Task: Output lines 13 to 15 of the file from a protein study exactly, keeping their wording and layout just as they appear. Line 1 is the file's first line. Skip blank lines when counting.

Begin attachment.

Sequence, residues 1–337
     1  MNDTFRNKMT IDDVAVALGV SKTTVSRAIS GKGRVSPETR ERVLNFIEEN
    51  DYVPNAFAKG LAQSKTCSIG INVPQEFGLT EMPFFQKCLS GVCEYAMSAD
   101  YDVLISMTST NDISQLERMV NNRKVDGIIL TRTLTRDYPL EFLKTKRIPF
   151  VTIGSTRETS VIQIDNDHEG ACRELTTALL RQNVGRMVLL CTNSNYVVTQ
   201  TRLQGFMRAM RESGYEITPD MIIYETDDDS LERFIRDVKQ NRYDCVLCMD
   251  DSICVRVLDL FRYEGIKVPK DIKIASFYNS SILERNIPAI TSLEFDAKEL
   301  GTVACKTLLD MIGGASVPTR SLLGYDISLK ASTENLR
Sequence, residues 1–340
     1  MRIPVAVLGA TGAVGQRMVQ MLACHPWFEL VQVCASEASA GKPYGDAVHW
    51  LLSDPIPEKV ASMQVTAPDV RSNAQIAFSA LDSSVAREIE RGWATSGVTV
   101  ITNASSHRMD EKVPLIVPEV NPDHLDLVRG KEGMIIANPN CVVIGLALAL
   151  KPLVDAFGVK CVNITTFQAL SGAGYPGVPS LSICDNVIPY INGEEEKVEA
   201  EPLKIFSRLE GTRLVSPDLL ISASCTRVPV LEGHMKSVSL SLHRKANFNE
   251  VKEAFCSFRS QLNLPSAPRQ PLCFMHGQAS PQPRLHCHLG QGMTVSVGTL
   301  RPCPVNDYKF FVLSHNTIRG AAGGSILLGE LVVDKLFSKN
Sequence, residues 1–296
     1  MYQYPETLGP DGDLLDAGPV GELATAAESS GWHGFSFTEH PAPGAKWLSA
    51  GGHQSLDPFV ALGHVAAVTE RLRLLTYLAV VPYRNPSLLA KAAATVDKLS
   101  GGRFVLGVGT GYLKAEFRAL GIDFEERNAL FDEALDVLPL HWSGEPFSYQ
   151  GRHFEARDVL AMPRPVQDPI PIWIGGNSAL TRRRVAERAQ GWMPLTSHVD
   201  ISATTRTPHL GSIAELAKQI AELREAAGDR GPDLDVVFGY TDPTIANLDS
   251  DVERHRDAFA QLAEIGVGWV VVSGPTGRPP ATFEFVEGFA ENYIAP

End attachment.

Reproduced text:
   151  KPLVDAFGVK CVNITTFQAL SGAGYPGVPS LSICDNVIPY INGEEEKVEA
   201  EPLKIFSRLE GTRLVSPDLL ISASCTRVPV LEGHMKSVSL SLHRKANFNE
   251  VKEAFCSFRS QLNLPSAPRQ PLCFMHGQAS PQPRLHCHLG QGMTVSVGTL